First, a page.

Caroline Weldon shocked the world when she moved to the Dakota Territory intent on helping Chief Sitting Bull and the Sioux fight for their rights. Despite receiving no invitation at all, she arrived at Standing Rock Reservation in 1889 with her young son Christie in tow, dedicated to the cause, though she and Sitting Bull would both meet unfortunate fates during their quest.
Weldon, born in Switzerland, had originally been named Susanna Faesch. After relocating to Brooklyn, New York, she left her husband for a married man with whom she had her only child. After her lover abandoned her and her divorce from her husband was finalized, Susanna changed her name to Caroline Weldon and decided to pursue her dream of living among the Sioux and fighting the U.S. government for Native American rights.
"Weldon was one of the only white people of her time of either gender who not only had the right political view of Native American rights, but also gave her life to work for those rights," says Eileen Pollack, author of Woman Walking Ahead: In Search of Catherine Weldon and Sitting Bull. Pollock's book was later adapted into the film Woman Walks Ahead starring Jessica Chastain.
Weldon certainly led an interesting life, especially for her time. She was so much more than a Swiss immigrant on a mission. As a result of her divorce, she was not permitted to remarry so her entire life revolved around defending the Native Americans. As a result of the Indian Appropriations Act in 1851, the United States began forcing Native Americans into their own reservations as more and more citizens traveled west into what is now North Dakota and South Dakota. Weldon had long been interested in the entire controversy which is why she dedicated herself to helping the Lakota Sioux who were determined to keep their heritage and not become "whitewashed."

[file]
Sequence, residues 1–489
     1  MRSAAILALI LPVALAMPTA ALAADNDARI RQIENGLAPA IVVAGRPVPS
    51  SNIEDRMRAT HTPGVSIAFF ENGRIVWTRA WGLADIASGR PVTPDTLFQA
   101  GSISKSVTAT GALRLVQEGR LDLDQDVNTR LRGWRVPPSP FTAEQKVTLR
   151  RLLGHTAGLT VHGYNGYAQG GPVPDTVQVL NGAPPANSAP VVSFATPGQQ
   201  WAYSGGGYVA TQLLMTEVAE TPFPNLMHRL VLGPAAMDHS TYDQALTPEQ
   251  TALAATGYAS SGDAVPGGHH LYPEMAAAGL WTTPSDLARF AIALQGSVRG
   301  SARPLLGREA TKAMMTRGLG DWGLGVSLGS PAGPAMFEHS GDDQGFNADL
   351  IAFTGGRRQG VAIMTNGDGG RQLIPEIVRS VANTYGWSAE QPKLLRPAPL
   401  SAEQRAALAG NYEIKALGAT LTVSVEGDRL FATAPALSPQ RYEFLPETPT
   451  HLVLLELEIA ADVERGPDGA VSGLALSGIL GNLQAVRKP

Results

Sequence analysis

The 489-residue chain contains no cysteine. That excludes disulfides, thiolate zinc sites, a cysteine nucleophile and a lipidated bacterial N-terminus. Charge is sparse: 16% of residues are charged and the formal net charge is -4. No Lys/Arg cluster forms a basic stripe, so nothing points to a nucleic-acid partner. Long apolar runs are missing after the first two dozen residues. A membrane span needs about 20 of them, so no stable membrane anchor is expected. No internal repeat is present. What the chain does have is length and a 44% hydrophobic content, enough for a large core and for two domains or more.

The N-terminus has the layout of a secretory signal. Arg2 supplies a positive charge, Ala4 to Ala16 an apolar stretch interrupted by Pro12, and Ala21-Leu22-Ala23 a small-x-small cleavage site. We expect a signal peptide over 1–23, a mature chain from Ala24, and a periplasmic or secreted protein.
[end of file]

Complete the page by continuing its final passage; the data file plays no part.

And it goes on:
At the time, the National Indian Defense Association was also dedicated to helping the local Native Americans defend their land against the Dawes Act, which could divide up reservations and even send their children off to boarding school. Weldon began sending Sitting Bull letters once she heard of this news before finally packing her bags and moving out to help in person.
The locals immediately made a mockery of Weldon and her mission as soon as she moved into town, intent on becoming Sitting Bull's personal secretary and advocate. Newspapers referred to her as the "white squaw," townsfolk taunted and bullied her, no one understanding why exactly she had joined the Sioux cause. She was a single mom, moving out to the Wild West with nothing to lose, and she didn't let any of the criticism stop her. She even painted four oil paintings of Sitting Bull during her time on the reservation though only two survived and are currently in museums.
Something called the Ghost Dance movement started becoming popularized amongst the local Native Americans in the late 1800s. Essentially, it claimed that if the tribe performed specific songs and dances it would make the white people disappear so their dead ancestors could come back to earth. Weldon feared this would put a target on Sitting Bull and despite her warnings, her opposition caused a rift between the pair who had become quite close.
One year after Weldon left the reservation, Sitting Bull was killed by the government for refusing to end the Ghost Dance ceremonies. After Weldon's son passed away, she moved back to Brooklyn as a social outcast, only to live in poverty and isolation before tragically dying in an apartment fire. Though Sitting Bull, Weldon, and the other advocates were not able to stop the devastation that befell the Sioux people, they should be remembered for their bravery and dedication to stand up for what is right against all odds.
Pollack points out, "It's incredibly important to look at the very few people who in their time bucked all the conventions at great danger to themselves to do the right thing." By fighting for Sitting Bull and his people, Weldon "tried to make America live up to its own ideals."